Doing GOOD When People Need It Most
One of our doGOODers recently had a family member pass away and after hearing about how many people extended a helping hand, we asked them to share some tips on how to help someone when they need it most. We don’t claim to be experts, but since one of us experienced it first hand, we thought we’d share some of what helped the most.
See Something Out of Place, Pick it Up
Keeping a house in order without multiple visitors everyday is hard enough. If you’re visiting, try to be aware of cups, trash, pillows, etc. that might be out of place. Don’t ask if you can help clean up — just do it. Clearly, you don’t want to intrude and start re-organizing their spice cabinet…but be sure not leave your own mess behind and if you can grab the trash on your way out and take it to the curb, do it.
Finding jobs for people who have offered to help is a job in itself. If you can offer very specific tasks to the family in need, it gives them an opportunity to just say yes or no and relieves them of trying to come up with ideas of what they need. Think about small things you can do to help and offer them up:
- Walking the dog
- Offer space in your fridge for extra food
- Airport pick ups
- Yard work
- Grabbing something from the grocery store
Everyone deals with grief differently. Some retreat and speak to no one, others want to share their every thought. Our doGOODer explained a need for someone to “save” family members from overly supportive friends who wanted to talk for ages — sometimes about their own problems. Being a social interceptor might require some skill in reading people, but if you see a family member being overwhelmed by a “talker”, our best advice is to politely interrupt and ask that person to help you with a task of sorts.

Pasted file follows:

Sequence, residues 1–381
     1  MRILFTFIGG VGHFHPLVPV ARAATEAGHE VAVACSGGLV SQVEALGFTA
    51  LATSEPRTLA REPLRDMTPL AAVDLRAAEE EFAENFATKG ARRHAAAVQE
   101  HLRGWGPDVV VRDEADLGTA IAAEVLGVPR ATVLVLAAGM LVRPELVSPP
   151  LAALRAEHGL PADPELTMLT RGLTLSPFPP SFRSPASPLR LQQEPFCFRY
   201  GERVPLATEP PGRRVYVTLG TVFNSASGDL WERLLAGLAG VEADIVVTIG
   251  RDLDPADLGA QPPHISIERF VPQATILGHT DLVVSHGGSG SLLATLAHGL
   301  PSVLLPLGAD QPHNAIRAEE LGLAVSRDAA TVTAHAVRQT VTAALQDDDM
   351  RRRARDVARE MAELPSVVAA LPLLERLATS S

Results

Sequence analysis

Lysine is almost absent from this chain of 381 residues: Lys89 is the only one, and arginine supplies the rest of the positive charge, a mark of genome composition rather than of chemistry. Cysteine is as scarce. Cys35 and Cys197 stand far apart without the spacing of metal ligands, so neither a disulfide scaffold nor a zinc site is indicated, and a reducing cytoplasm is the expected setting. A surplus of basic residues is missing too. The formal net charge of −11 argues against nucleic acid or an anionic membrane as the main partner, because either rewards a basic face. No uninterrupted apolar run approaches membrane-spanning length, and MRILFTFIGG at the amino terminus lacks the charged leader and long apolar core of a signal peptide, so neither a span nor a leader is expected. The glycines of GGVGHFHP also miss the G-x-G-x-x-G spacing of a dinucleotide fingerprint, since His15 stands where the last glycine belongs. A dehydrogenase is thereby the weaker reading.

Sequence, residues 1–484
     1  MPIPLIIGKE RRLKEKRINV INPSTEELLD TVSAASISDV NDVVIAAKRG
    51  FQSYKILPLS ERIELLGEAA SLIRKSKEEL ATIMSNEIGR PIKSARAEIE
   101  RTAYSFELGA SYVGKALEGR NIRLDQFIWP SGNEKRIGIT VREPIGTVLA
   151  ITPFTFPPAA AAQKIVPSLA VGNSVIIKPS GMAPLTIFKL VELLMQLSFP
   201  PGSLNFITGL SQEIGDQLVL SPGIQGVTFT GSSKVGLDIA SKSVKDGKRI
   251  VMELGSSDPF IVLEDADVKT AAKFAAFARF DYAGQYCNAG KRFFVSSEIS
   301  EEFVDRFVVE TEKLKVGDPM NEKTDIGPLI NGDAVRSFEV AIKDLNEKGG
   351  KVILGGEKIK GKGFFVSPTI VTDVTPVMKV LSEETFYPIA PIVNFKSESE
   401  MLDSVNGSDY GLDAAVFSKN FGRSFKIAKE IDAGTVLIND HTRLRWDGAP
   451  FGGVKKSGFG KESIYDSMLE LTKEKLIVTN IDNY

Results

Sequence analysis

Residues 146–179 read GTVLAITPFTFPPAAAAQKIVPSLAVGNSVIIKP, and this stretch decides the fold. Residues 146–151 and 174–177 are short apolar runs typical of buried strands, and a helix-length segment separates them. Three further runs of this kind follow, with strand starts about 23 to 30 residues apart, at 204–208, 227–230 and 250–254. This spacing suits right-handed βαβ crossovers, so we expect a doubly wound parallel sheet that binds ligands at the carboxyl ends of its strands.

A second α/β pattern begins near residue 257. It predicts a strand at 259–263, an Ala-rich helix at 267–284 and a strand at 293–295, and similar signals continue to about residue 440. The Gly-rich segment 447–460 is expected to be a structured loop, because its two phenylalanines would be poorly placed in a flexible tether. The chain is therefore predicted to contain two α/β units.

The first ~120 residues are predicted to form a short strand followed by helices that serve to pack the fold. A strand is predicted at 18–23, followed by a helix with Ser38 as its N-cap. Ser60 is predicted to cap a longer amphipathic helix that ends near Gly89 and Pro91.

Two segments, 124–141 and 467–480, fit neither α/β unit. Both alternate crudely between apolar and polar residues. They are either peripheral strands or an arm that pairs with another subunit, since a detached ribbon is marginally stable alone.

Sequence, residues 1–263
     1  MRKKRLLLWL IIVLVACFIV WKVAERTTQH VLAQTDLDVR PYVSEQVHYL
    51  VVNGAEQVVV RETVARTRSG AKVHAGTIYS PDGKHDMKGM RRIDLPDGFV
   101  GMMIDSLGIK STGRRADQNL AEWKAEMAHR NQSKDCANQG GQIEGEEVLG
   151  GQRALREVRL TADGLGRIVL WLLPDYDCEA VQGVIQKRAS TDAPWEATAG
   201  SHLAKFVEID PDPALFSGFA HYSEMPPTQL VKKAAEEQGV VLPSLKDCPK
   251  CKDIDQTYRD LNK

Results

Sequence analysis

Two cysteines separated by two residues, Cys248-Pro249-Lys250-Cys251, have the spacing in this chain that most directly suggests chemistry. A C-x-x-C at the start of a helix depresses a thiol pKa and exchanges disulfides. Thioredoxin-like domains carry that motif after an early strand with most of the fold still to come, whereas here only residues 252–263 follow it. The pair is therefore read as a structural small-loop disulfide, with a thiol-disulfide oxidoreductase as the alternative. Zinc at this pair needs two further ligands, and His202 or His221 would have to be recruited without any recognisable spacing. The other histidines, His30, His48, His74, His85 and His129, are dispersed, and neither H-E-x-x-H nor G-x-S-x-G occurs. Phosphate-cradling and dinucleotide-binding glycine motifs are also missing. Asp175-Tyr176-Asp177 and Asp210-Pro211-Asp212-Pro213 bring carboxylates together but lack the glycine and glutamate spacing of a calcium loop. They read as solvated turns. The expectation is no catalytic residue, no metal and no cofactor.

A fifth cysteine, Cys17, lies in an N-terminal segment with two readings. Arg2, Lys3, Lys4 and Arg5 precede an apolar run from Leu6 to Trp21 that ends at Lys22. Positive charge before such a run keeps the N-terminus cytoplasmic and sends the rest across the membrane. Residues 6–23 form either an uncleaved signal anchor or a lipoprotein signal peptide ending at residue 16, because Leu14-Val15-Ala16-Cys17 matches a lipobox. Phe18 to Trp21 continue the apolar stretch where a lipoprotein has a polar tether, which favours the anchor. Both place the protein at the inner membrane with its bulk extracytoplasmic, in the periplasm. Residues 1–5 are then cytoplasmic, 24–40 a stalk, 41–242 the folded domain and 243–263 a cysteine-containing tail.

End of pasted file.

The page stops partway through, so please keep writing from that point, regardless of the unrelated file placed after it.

Funerals Are Expensive – If You Can, Offer Some Bucks
Everyone thinks of food to offer, but sometimes one more lasagna just won’t fit in the fridge. If you have the means, consider sending them a little cash to help pay for some of the details. For example, printing a standard obituary in the local paper can cost over $300. You can even send it anonymously if you want.
Email vs Phone vs Carrier Pigeon
There are so many ways to contact a person now — email, phone call, Facebook, text message, snail mail. It’s overwhelming and everyone has their own preference. The best advice we can offer is to keep it short and sweet. All of it. And in our opinion, the best way to express your condolences is via snail mail. There’s a human connection to seeing someone’s handwriting and somehow it seems to offer a little more comfort than another email in your inbox.
You Only Have to Be Nice to Family
At some point during all of this, a friend offered some great advice: “You only have to be nice to family.” So, as a friend/neighbor/colleague offering help, don’t take it personally if you haven’t heard back or were never asked to help. Simply offering help is all you can do.